Three former servers who worked at Hamilton’s iconic Black Forest Inn for decades are accusing the restaurant’s new owners of discriminating against them based on their age.
The women, who range in age from 49 to 64, allege in human rights complaints filed last year that their former employer cut their hours at the King St. E. restaurant and replaced them with younger workers.
Their case, which will be heard before the province’s human rights tribunal beginning March 27, puts the spotlight on the beloved half-century-old institution well-known in Hamilton for its hearty German and Austrian fare and beer served by staff wearing traditional outfits.
Brigitte Evans, Anele Murauskas and Ilda Rosser left their jobs in late 2017 — less than a year after longtime family owners Wolfgang and Gabi Schoen sold the half-century-old restaurant.
In their complaints, the Hamilton women say new management slashed their shifts to reduce the business’ operating costs while also hiring “a number of new workers who were clearly much younger” than them.
While their hours dropped, the new staff were being scheduled between 30 and 40 hours a week, the women allege.
The Black Forest Inn denies the allegations.
“We here at the Black Forest Inn have always strived to be inclusive, diverse and welcoming,” said Paul Wells, operating partner at the restaurant. “We don’t discriminate on any basis whatsoever.”
He declined to comment on the specifics of the case as it’s still before the tribunal.
Both Evans, who worked at the restaurant for 36 years, and Murauskas, who was there for more than 19 years, say they were moved from night to day shifts, which typically provides less opportunity for tips.
In the past, senior staff typically worked the evening shifts, Murauskas said in an interview.
The restaurant says it hired new employees but “only on an as-needed basis to maintain a consistent number of staff” and that they worked the majority of day shifts.
“BFI has never made any decision in respect of its employees based on their age,” their response to the human rights complaints reads.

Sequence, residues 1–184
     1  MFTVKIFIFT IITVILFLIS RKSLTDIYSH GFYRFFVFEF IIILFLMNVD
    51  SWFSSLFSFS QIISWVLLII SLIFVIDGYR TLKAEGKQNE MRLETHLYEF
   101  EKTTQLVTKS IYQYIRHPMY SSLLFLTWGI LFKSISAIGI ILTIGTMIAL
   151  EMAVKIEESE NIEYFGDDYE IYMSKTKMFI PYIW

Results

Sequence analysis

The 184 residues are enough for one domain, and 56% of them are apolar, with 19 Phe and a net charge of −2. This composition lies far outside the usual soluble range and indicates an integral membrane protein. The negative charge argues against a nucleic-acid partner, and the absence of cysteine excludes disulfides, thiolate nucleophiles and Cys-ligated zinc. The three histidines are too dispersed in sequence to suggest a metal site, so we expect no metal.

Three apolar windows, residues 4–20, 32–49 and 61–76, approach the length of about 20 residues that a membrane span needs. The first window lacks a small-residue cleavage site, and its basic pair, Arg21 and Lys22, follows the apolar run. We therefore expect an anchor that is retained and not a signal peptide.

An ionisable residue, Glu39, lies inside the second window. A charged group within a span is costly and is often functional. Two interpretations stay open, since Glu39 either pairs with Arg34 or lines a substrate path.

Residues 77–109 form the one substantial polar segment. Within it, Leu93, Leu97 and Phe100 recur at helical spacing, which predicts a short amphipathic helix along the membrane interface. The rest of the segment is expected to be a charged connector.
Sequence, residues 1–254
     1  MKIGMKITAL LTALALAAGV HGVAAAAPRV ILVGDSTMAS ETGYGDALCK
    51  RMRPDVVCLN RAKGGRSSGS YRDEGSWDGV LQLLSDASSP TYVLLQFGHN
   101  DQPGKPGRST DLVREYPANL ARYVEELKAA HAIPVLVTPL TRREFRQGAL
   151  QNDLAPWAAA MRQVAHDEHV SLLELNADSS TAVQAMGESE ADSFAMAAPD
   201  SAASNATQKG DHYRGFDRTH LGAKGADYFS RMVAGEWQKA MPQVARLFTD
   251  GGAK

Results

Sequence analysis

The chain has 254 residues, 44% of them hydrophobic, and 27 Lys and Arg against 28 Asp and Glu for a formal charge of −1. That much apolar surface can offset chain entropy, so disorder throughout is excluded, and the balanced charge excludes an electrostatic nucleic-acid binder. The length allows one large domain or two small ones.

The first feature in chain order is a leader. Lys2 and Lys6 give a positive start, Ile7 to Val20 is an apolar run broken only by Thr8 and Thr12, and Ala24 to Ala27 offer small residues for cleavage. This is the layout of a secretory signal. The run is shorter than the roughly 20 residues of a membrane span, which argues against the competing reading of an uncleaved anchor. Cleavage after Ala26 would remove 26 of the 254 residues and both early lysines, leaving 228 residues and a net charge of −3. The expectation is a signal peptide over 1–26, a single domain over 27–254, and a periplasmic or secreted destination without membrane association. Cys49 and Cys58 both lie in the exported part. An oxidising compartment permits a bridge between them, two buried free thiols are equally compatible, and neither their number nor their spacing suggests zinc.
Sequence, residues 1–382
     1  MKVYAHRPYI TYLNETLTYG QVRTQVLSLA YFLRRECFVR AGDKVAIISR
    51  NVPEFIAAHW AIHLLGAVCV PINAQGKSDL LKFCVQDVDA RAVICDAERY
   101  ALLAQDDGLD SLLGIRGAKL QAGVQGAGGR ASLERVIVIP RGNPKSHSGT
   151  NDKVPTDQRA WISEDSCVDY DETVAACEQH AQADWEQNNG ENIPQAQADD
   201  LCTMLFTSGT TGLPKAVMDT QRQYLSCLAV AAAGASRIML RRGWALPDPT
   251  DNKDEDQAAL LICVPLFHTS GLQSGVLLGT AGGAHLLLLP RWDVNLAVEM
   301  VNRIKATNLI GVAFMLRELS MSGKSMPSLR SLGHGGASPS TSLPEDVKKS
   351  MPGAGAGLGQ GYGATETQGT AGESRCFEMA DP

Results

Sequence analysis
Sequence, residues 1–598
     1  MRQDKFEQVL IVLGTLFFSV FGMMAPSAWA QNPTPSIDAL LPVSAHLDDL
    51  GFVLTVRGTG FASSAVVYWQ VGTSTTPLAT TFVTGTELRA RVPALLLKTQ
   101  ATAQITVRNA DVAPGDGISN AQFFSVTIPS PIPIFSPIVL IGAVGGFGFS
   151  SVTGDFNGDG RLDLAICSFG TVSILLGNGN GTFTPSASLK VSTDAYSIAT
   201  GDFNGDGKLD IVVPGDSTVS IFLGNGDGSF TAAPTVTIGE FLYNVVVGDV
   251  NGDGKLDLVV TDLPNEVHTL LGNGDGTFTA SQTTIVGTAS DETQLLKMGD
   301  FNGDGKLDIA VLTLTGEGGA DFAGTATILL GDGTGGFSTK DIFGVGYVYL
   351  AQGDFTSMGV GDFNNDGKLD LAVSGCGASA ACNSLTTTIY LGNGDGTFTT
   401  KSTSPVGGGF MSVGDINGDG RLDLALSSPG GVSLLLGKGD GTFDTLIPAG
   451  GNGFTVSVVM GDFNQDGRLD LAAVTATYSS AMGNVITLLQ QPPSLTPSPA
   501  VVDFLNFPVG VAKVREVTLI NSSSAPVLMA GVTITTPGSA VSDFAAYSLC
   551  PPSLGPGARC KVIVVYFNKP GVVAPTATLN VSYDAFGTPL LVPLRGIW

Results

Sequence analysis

Having worked at the landmark restaurant for nearly two decades, Murauskas, who is 62, said she built up long-standing relationships with a number of regular customers.
“After such a long time we built up such a rapport with the customers that we got to know them by name and generations — we went to funerals,” she said in an interview.
After the sale, customers would come in and ask to sit in her section, only to be told by the new manager that there would be an hour-long wait despite that not being true, she said. He would try to “persuade” the customers to sit in an area serviced by younger staff, she alleged in her complaint.
According to her complaint, he also told her he needed her to work the restaurant’s 50th anniversary so regular customers could “see that she was still there and did not quit.”
Rosser, 49, said she also felt she was not treated equally after the ownership change.
“The only times I would get tables is when there was nowhere else for them to sit,” she said.
At the time of the sale in December 2016, The Spectator and other media reported the restaurant had been sold to Forge & Foster Investment Management.
Joe Accardi, who is with Forge & Foster, said the Black Forest Inn is operated by himself and Wells. Its only relationship to Forge & Foster is that Accardi is a shareholder in both, and the investment management company was involved in the construction of the apartments above the restaurant, he said in an email.
“We promised the previous owners . . . to change as little as possible including the food, chefs, staff, interior, and schnitzel for their legacy and to keep this icon moving onto the next 50 years as the past 50 years,” he said. “It’s become an icon and we’re committed to keeping it that way for Hamiltonians to continue to enjoy the best we can.”
But the restaurant’s responses to the human rights complaints were submitted by an individual with a Forge & Foster email address and the company has posted about the King St. E. location on social media and its website.
In their human rights complaints, the women also allege they did not receive proper training on the new point-of-sale system and were scolded by management for asking other staff for help during their shifts or when they would come in to practise on a day off.
Evans, 64, said the situation left her confidence shattered.
“I had a fear of being a failure,” she said in an interview. “I got to the point where my stomach was aching on the way to work, on the way home — I just couldn’t take it anymore at the end of it all.”
All three women handed in their resignation letters between September and December 2017. They are alleging the changes to their hours and shifts amount to constructive dismissal.
The former servers, who later went on to find new but not “comparable” employment, say the treatment they faced as older women was not fair and they want to get their message out.
“We’re all humans on the inside but look different on the outside,” Murauskas said. “We can all do a good job equally like the others.”